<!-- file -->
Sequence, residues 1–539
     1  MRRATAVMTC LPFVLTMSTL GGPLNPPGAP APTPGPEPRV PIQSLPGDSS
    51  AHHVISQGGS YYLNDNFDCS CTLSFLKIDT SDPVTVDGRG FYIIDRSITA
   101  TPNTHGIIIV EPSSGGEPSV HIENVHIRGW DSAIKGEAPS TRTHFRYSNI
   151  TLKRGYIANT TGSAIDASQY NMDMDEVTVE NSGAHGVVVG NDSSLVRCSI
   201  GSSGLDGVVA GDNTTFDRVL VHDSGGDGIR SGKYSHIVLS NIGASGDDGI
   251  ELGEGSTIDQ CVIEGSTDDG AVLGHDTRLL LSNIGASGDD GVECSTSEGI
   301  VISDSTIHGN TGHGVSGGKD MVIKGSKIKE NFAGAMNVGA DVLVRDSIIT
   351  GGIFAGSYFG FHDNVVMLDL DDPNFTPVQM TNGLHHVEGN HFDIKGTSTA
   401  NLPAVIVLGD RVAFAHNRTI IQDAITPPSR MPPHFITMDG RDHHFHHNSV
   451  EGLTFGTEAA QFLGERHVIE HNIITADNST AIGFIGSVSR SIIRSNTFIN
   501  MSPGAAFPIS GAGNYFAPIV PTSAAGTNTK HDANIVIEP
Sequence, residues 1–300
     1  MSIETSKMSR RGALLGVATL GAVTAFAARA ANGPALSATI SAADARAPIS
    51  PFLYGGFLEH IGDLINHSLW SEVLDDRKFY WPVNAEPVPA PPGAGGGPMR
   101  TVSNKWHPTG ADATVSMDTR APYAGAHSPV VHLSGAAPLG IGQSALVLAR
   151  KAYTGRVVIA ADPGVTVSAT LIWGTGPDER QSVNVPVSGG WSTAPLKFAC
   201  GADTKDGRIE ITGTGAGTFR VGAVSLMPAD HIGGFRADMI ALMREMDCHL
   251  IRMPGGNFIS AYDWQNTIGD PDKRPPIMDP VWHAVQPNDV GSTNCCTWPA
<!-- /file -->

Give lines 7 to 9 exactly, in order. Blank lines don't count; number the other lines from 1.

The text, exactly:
   251  ELGEGSTIDQ CVIEGSTDDG AVLGHDTRLL LSNIGASGDD GVECSTSEGI
   301  VISDSTIHGN TGHGVSGGKD MVIKGSKIKE NFAGAMNVGA DVLVRDSIIT
   351  GGIFAGSYFG FHDNVVMLDL DDPNFTPVQM TNGLHHVEGN HFDIKGTSTA